Plogging ‐ make yourself and the planet better

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Vocabulary for talking about waste and littering

Flipped

lesson plan on saving the planet

LESSON OVERVIEW

This lesson plan on saving the planet deals with plogging, i.e. the idea of picking up litter while jogging. The worksheet consists of a few vocab exercises and includes a lot of words used for talking about waste and littering.

B1 / Intermediate
B2 / Upper Intermediate
60 minFlipped LessonUnlimited Plan

This is a Flipped Classroom lesson plan. In a nutshell, it means that the first part of the lesson needs to be done by students at home. Learn more about flipped classroom and how we implement it in these lesson plans in our post.

PRE‐CLASS ACTIVITIES

In the pre‐class part, students will revise vocabulary that we use when talking about waste. First, they need to answer a few questions using the words in the box. The list includes words such as biodegradable, dumpster, garbage, garbage bins, litter bins, single-use, trash, etc. Students get both American and British English equivalents as we want to show them different words used  depending on a dialect. To practise the words more, students have to complete a few sentences with the words from the previous exercise.

IN‐CLASS ACTIVITIES

Video & Discussion

The in‐class worksheet starts with a short discussion about sorting trash as well as the problem of littering in cities. Next, we ask students whether they have ever heard about plogging and watch a short video in which a speaker explains the term. After watching it, in their own words, students need to explain what ‘plogging’ is. Then, they move to the second task and complete a few sentences with one word only. After that, they watch the video again and check their answers.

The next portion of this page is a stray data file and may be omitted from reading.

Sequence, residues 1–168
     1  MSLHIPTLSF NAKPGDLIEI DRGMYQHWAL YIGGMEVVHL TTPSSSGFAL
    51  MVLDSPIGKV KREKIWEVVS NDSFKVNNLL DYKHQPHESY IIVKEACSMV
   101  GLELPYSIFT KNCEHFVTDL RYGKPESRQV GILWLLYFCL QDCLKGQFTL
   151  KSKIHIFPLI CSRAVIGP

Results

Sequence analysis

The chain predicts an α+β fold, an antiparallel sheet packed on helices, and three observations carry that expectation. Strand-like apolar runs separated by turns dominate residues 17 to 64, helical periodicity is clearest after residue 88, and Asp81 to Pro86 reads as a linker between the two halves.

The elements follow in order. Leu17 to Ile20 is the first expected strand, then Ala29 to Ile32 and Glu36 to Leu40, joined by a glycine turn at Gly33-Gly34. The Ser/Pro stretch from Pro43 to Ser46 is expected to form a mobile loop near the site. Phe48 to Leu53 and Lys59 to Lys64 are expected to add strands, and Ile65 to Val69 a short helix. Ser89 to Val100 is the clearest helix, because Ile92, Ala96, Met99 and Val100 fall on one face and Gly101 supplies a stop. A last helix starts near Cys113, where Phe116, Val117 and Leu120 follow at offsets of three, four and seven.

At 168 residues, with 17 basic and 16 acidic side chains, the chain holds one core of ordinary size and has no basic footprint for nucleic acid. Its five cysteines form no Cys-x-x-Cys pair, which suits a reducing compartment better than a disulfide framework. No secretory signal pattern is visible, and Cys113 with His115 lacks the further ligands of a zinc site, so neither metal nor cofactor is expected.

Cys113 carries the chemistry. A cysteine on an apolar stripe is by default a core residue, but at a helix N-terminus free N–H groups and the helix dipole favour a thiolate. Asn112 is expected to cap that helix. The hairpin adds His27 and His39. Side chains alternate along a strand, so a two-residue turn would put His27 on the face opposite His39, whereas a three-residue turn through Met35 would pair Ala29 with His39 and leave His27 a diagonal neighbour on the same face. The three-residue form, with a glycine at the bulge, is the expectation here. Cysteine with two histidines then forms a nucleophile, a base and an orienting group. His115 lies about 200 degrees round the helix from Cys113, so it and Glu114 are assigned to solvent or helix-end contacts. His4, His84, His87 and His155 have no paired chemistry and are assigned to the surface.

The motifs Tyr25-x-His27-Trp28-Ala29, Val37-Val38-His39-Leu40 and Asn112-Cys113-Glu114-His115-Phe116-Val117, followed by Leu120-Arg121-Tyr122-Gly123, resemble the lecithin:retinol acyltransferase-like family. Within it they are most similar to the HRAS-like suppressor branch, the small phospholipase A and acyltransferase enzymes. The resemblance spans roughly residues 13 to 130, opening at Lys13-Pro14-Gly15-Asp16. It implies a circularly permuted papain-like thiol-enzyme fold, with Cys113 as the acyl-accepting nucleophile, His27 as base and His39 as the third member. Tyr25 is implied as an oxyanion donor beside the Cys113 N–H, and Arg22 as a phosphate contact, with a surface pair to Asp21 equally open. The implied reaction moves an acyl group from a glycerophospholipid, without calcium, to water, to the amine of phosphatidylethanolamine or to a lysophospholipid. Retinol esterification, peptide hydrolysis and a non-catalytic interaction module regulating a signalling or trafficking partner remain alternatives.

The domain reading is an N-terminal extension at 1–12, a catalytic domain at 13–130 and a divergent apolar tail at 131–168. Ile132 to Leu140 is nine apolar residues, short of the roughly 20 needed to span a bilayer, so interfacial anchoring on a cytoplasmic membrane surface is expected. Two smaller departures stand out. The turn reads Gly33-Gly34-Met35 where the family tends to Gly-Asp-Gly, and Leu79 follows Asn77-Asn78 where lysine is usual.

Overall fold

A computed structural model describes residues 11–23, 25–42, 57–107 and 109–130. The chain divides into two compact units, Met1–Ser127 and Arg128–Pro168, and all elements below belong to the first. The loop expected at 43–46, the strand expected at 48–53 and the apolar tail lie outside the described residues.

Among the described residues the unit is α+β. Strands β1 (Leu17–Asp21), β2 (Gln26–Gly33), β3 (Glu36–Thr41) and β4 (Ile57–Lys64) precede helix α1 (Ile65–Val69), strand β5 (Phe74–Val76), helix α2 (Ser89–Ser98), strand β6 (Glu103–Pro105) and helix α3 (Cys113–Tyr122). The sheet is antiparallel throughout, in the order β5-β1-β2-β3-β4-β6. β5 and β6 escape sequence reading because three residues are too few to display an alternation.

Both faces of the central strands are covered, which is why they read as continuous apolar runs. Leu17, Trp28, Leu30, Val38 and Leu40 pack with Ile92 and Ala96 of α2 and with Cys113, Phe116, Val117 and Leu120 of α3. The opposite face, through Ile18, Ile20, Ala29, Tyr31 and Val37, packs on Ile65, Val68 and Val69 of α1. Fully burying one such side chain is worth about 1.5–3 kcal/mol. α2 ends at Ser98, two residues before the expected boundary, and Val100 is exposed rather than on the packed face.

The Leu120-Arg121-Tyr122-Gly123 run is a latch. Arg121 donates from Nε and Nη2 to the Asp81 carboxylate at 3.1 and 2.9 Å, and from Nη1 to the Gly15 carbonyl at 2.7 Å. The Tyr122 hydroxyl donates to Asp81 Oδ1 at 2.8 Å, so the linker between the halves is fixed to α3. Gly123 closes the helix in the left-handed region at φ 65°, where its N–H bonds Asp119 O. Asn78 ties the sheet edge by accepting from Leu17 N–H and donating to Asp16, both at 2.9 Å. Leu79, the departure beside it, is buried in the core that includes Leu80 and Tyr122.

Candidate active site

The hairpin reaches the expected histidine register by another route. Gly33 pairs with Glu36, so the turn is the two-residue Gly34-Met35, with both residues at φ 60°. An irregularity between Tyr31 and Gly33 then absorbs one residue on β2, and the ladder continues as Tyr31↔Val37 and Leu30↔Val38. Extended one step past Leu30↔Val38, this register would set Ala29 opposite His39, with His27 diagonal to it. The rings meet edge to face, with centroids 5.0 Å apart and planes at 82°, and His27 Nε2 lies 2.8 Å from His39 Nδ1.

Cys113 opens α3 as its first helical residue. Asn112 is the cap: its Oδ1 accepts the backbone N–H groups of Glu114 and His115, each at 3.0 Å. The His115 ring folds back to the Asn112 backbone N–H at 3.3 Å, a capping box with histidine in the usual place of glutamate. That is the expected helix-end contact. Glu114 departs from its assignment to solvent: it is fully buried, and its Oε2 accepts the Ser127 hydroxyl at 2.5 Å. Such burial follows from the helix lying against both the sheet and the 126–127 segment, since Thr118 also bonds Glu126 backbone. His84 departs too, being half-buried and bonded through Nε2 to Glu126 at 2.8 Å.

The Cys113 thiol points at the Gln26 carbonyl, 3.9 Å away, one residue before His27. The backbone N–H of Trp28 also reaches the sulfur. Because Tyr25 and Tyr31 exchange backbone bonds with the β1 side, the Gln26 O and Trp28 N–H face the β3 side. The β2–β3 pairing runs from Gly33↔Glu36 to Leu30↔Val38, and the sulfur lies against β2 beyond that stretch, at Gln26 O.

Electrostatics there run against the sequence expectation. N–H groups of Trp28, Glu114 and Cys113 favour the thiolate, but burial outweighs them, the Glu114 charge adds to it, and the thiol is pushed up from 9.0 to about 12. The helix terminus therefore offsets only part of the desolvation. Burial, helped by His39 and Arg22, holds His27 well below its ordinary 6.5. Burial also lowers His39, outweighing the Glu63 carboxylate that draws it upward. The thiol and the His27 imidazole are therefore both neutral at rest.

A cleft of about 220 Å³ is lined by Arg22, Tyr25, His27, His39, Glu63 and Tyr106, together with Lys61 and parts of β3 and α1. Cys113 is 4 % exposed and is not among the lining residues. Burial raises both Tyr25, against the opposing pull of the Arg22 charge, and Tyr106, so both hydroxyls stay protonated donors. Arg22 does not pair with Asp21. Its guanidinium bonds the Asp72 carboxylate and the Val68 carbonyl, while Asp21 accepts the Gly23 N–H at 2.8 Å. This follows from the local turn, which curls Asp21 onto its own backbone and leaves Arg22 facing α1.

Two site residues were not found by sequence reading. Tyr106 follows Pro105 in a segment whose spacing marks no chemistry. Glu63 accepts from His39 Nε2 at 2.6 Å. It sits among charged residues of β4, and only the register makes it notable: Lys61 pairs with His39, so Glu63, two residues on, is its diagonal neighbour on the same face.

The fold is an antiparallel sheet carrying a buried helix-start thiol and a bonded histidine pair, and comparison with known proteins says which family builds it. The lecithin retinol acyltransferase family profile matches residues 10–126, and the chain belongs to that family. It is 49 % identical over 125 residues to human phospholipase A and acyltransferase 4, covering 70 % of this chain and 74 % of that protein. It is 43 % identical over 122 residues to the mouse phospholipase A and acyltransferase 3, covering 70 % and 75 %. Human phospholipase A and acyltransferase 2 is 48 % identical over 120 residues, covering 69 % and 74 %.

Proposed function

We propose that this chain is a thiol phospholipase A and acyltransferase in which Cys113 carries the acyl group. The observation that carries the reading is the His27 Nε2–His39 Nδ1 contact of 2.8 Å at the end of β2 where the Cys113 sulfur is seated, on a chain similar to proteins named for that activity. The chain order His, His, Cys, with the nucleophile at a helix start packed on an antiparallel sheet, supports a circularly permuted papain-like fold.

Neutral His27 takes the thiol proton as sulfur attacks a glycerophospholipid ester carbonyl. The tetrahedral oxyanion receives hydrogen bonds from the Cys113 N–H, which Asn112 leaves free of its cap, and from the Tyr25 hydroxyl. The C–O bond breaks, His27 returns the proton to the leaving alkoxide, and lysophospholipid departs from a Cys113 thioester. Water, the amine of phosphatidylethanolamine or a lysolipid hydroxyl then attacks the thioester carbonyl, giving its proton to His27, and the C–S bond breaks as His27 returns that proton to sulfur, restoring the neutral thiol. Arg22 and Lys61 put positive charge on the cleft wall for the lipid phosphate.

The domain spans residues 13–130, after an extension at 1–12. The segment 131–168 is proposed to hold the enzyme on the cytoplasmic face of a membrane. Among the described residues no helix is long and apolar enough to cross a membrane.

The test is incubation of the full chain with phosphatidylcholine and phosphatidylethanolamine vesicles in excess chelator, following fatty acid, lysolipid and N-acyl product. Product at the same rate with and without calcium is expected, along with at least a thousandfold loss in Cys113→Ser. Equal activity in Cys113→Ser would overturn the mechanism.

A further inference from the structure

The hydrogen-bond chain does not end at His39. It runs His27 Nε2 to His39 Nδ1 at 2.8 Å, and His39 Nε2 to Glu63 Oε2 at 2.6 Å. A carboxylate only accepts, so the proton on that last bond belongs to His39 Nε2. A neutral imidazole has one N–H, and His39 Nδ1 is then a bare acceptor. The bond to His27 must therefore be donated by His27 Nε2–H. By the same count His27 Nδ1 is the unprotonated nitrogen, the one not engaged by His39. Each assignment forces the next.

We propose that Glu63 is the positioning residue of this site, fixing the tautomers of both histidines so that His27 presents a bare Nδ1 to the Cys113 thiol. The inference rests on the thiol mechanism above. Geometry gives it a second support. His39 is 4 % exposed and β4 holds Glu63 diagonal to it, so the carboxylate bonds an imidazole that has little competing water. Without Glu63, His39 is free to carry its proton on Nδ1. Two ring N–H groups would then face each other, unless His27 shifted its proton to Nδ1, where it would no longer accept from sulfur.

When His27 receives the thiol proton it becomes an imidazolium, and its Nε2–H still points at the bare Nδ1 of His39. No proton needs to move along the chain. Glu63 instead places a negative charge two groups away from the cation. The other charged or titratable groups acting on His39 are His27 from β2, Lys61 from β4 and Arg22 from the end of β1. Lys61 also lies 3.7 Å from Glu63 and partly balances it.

Verbs phrases with prepositions

The video is full of verb phrases with prepositions which are worth teaching. First, students have to match halves to create 8 phrases. Next, they use the phrases to complete some sentences. Sometimes they will need to change the form of the verbs. After this task, students discuss a few questions connected with the video and the idea of plogging. Encourage them to use phrases from the previous exercise (they are also included in the questions). Finally, this lesson plan on saving the planet ends with a couple of statements that students have to discuss using the phrases for agreement/disagreement provided in the box. The statements touch upon plogging, recycling and the environmental crisis.

WORKSHEETS

Comments

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  1. SamanthaFouche

    Wow – looks like a lovely lesson plan – I’ll have to subscribe to get this one!!

    1. Olia

      We hope you like it!

  2. Mourad Ben Ahmad

    It looks an interesting lesson.

  3. dashaymca

    This is a great lesson, and I love giving my students a chance to learn about ecology! One thing though concerning vocabulary. I am an American and we do not call a landfill site a dumpster. That would be ‘the dump’, not a dumpster. A dumpster is a large, rectangular receptacle that you put your trash in. Also, it is much more common in the US to call a trash bin a trash can or garbage can. Great lesson but I could tell it was not written by an American.

    1. Olia

      Thank you for your comment!
      We have added the word ‘can’ to the worksheets since we overlooked it in the first place.
      As for the word ‘dumpster’, we didn’t mean it to be the same as ‘landfill’ but just another place our non-recyclable waste can go to.

      1. anned

        I really like this lesson plan and I plan to use it soon. Thanks a lot!
        Just one comment: I am not American, but it seems to me that landfill is also used in the USA:
        http://www.ecopartnersinc.com/2014/09/22/how-is-a-landfill-different-from-a-dump/
        http://www.ecopartnersinc.com/2014/09/22/how-is-a-landfill-different-from-a-dump/
        I thought it might be useful to add it to the worksheet for the sake of clarity.
        I especially like in this worksheet that it is marked where the different words are used.

        1. Olia

          Thank you for your comment! We have changed it to ‘landfill’ as it’s used in both British and American English.

  4. Lydia goold verschoyle

    A good lesson, thank you! Surprising though that the plogger doesn’t wear gloves when handling the trash.

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